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REVIEW: DC DIRECT TEEN TITANS BEAST BOY FIGURE
By Thomas Wheeler

Doubtless the most successful version of DC Comics' TEEN TITANS was that created by Marv Wolfman and George Perez in the early 1980's. Featuring such classic characters as Robin, Kid Flash, and Wonder Girl, the series introduced three new characters -- Cyborg, Starfire, and Raven, and overhauled a seventh -- a kid named Beast Boy.

The 80's Titans have since been the basis for the animated series presently running on Cartoon Network, as well as an action figure line by Bandai. That's not the Beast Boy I want to discuss here. We're not talking about the little geek in the black and purple outfit with the voice that sounds like Bart Simpson with a head cold.

And yet, in a way, we are, although I have no idea what the voice of the comics version might sound like. Same character, different reality.

The original Beast Boy was born Garfield Logan. If the character didn't predate them both, it could be argued that he was named after an overweight cat and a psycho-headed mutant with claws.

Garfield Logan's parents were explorers in the African jungles. It was there that Garfield, as a child, contracted a deadly disease called "sakutia". His father formulated a cure, which worked -- it also turned Garfield's skin and hair green, and gave him the ability to morph into green versions of any animal on the face of the planet.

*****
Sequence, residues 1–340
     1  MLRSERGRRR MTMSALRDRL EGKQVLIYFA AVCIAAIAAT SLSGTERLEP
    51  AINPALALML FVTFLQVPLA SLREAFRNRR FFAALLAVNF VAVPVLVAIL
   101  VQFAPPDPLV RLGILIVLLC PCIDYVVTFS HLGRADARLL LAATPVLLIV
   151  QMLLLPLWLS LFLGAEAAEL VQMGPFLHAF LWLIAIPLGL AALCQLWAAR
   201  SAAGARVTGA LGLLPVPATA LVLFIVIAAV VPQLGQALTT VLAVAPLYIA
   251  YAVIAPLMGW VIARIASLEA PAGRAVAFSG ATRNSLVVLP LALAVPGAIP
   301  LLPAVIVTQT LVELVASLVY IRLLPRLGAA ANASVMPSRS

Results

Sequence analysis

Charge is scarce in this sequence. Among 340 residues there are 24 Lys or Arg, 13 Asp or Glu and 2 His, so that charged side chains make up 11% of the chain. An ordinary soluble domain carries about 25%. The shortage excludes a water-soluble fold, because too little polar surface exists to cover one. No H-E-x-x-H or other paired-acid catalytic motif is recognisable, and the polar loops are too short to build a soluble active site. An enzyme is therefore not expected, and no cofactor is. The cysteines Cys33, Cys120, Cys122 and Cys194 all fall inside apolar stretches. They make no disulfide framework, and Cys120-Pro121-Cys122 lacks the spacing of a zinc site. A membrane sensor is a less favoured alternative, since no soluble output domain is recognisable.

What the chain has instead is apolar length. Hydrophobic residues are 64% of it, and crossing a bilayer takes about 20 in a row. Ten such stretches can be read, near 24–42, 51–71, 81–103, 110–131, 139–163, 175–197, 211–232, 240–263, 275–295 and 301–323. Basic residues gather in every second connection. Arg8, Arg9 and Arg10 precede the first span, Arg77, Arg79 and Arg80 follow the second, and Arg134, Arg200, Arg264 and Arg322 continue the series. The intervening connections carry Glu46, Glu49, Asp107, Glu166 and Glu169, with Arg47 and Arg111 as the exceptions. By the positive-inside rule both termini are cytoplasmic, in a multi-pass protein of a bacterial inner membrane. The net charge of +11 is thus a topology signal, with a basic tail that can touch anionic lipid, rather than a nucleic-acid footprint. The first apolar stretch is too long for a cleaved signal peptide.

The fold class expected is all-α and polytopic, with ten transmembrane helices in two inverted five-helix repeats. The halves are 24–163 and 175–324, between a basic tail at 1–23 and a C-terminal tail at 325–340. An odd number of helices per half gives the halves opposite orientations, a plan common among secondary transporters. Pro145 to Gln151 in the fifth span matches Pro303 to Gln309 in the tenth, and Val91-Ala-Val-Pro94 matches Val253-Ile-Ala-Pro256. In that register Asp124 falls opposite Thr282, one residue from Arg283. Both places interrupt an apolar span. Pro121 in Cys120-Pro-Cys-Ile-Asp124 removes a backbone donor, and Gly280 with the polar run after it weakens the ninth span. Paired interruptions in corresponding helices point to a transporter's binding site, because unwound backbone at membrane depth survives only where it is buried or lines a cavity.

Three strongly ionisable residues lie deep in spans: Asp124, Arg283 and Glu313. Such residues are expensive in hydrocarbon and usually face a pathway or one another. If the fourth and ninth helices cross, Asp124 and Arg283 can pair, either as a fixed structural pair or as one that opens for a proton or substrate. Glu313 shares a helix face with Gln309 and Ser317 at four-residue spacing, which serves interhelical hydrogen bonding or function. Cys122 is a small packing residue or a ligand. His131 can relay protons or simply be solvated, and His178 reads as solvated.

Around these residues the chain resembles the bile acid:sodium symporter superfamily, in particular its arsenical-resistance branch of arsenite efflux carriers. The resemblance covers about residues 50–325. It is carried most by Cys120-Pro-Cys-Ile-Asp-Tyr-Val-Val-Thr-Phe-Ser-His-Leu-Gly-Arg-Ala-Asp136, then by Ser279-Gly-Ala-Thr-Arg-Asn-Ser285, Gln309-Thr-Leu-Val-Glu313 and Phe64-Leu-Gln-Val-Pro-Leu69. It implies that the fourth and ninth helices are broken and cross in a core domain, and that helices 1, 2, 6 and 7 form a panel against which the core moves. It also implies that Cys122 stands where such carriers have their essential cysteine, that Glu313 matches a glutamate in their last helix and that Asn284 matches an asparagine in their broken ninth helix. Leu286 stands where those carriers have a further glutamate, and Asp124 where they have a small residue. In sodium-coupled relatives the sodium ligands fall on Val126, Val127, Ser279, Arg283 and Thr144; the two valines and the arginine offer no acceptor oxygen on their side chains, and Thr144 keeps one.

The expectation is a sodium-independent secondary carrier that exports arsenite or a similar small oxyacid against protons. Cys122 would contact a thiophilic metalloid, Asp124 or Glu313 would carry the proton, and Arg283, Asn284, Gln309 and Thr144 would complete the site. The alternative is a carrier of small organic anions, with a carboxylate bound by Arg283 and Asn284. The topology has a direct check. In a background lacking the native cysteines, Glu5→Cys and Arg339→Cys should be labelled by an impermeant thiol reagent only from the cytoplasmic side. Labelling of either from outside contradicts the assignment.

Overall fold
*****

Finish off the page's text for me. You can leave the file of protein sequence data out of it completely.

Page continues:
Garfield's parents were killed, and Garfield was subsequently taken in by the chief of one of the nearby African tribes. Eventually, he joined up with a super-hero team called the Doom Patrol, and became one of the youngest super-heroes ever, calling himself Beast Boy. The character faded into obscurity when the rest of the Doom Patrol was apparently killed, and their book title was cancelled.

Beast Boy resurfaced when the Teen Titans were reformed in the early 1980's. Although now a teenager, he was still the youngest member of the team, barely 16 years old. He came across as a jokester, distinctly girl-crazy, and hardly serious about anything. An initial intense dislike of fellow Teen Titan Cyborg, who himself had a chip on his shoulder the size of Titans' Tower, eventually developed into a close buddy friendship, as Cyborg in some respects reminded Logan of his old Doom Patrol team-mate, Robotman.

Despite his seemingly flippant personality, however, Logan was a trusted member of the Titans who could always be counted on to act in the best heroic fashion during battles with the Titans' many foes.

Logan also called himself CHANGELING for many years, before fairly recently reverting to the Beast Boy name -- probably so he wouldn't be associated with the Changelings that were the evil Founders of the Dominion from Star Trek Deep Space Nine.

Actually, according to the storyline, a longtime foe of Logan's so thoroughly mocked him with the "Beast Boy" name during one very nasty encounter that he felt he had to change his super-hero name to something else, since "Beast Boy" had, at least for a long time, been ruined for him.

So much for character history. On to the figure.